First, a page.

A good financial adviser will talk to you about moving beyond your comfort zone. Picture: 123RF.com
A good financial adviser will talk to you about moving beyond your comfort zone. Picture: 123RF.com

A financial adviser may ask you to complete a questionnaire while determining your investment risk profile, but the outcome of that questionnaire should not be the main factor that is driving your investment decisions.

At times you may need to take a higher level of risk than your responses to a risk profile questionnaire indicate you are willing to take. A good financial adviser will have a difficult conversation with you about moving beyond your comfort zone.

The case of an investor with a leading financial planner, whose tolerance for investment risk took a dive with the returns earned from local financial markets in recent years, illustrates this well.

The investor, who is two years away from retirement, had a plan in place with his adviser to ensure that by the time he retired, he would have sufficient savings to provide the income he required, of R40,000 a month.

To achieve this, his adviser, Janet Hugo, an independent planner from Sterling Wealth and the 2018 winner of the Financial Planner of the Year, determined that he needed his investments to generate an average return of 5% to 6% above inflation measured over seven-year periods.

Hugo worked out that the investor needed to invest across the asset classes but with a reasonably high equity exposure of between 40% and 60%, giving him the returns he needed and enough diversification to prevent him from experiencing the worst downturns in equities.

Hugo says while she isn't a firm believer in risk profile questionnaires, she asks investors to complete them to determine how comfortable they will be with her proposed investment strategy.

But she knows the answers are subjective - and change as market conditions change.

When this investor originally took the risk profile test using the questionnaire drawn up by Finametrica, the test scores showed he was comfortable as a moderately assertive investor. Hugo invested him a little more conservatively than he indicated he was comfortable with, because at the time he
invested, she was concerned about the state of the markets.

Now, after five years in which the JSE All-Share Index has delivered returns below its long-term average of inflation plus 7%, instead delivering on average inflation plus just 1.89% for the five years to the end of April, the investor repeated the risk profile questionnaire and his score reflects that he is comfortable investing more conservatively in a strategy designed to deliver inflation plus 3% over three to five years.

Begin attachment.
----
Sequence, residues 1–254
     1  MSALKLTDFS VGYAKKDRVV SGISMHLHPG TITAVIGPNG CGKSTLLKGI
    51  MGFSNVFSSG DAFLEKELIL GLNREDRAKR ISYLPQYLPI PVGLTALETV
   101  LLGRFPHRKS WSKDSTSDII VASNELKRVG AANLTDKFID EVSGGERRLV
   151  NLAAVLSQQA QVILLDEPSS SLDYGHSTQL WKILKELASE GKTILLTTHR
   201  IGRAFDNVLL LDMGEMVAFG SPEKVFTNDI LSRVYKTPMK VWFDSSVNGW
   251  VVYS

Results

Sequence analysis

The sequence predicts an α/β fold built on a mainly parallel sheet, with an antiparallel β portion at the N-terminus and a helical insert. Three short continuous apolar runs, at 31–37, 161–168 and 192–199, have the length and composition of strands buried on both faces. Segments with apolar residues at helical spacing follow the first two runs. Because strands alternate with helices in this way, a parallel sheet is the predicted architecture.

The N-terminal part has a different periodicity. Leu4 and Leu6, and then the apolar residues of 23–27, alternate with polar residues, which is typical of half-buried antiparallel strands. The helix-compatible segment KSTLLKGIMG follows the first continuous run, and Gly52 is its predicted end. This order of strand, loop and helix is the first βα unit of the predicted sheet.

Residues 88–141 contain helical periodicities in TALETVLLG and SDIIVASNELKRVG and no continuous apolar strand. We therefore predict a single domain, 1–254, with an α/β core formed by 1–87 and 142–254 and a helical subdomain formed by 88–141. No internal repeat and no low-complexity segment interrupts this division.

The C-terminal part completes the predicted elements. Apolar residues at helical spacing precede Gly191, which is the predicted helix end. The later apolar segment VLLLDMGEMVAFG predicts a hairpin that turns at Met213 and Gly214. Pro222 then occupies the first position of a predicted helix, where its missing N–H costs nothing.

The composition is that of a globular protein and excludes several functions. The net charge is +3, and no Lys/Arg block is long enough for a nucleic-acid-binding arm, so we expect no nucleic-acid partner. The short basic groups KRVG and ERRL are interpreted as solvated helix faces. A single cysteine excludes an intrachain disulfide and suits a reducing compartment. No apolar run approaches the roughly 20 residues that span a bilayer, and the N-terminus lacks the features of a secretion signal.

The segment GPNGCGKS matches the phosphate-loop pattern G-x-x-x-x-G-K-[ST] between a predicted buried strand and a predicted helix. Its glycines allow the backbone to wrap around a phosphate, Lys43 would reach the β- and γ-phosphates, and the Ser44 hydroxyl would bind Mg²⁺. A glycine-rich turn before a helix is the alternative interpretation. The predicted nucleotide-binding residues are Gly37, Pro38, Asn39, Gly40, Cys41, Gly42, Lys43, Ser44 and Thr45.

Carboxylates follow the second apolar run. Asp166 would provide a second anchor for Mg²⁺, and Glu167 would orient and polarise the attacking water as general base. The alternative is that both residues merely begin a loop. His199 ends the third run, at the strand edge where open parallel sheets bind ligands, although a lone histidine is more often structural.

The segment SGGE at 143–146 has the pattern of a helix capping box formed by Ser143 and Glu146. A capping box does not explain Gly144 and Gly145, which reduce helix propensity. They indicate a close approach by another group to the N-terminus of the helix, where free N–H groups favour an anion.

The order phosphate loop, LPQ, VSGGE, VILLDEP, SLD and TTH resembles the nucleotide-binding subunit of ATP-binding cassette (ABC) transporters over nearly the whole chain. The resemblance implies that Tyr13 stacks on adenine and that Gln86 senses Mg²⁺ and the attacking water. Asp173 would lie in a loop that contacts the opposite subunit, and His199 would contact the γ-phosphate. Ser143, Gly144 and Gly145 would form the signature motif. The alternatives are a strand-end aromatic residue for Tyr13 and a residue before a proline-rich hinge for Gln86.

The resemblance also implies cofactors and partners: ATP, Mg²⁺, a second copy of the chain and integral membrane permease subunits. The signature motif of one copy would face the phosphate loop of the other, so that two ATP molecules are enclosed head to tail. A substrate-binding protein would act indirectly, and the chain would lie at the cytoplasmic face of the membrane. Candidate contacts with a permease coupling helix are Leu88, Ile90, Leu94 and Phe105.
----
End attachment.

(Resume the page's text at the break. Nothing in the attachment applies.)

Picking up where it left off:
Hugo, however, says she had the difficult conversation with him, explaining that if he does this, his investment capital will be depleted by age 91. His family history indicates he may well live beyond this age.

He also has a younger spouse who is likely to outlive him and needs to be supported by his investments.

She made it clear that he needs to take investment risk that is greater than what he says is his tolerance level and that at times he will feel uncomfortable when his investment shows a paper loss over shorter terms.

He must understand that this is necessary in order to achieve the longer-term returns he needs.

In the most recent FAISTime newsletter, Marc Alves, team resolution manager in the Office of the Ombud for Financial Services Providers, says determining your risk profile involves much more than just completing a set of questions which generate a score that rates you as a conservative, moderate or aggressive investor.

Alves says risk profiling involves you deciding on the risk you need to take, the risk you can afford to take - your capacity for risk - and your tolerance for that risk.

The risk you need to take is determined from your investment objective or goal, your investment time horizon, your financial resources and whether you need to draw an income from your investment.

Your capacity to take risk is directly linked to the financial loss you are capable of absorbing, Alves says. If you are drawing an income or you have very limited investments and are no longer economically active, your capacity to take risk will be lower.

Alves says what the financial services industry often refers to as your risk profile as determined by a questionnaire is typically only your risk tolerance - or the level of risk that you are comfortable taking.

If your investment needs indicate you need to take more risk than you can typically tolerate, you should remember that risk and return is a trade-off - the higher the risk, the greater the return you should earn.

Usually you need longer investment periods as you take on more investment risk. Certain times - such as the period we experienced recently on the JSE - may test the return expectations you have, but you should only change your risk profile if your circumstances change - not because markets have been poor.

Hugo says she told the investor that he cannot afford to be invested in a conservative investment strategy, as he will then take on the risk that he might outlive his capital - a far scarier possibility than a few years of poor returns such as those many investors have recently experienced.